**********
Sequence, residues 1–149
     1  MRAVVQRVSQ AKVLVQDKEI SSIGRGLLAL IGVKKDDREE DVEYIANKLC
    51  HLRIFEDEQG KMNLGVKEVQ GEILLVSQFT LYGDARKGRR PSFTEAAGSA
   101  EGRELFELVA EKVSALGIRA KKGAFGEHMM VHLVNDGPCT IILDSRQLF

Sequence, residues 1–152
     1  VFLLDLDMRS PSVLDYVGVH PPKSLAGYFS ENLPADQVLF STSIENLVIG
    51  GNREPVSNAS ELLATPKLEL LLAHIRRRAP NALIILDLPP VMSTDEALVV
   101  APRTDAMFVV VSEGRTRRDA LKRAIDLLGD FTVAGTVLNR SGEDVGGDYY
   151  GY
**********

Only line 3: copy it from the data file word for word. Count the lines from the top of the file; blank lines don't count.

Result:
    51  HLRIFEDEQG KMNLGVKEVQ GEILLVSQFT LYGDARKGRR PSFTEAAGSA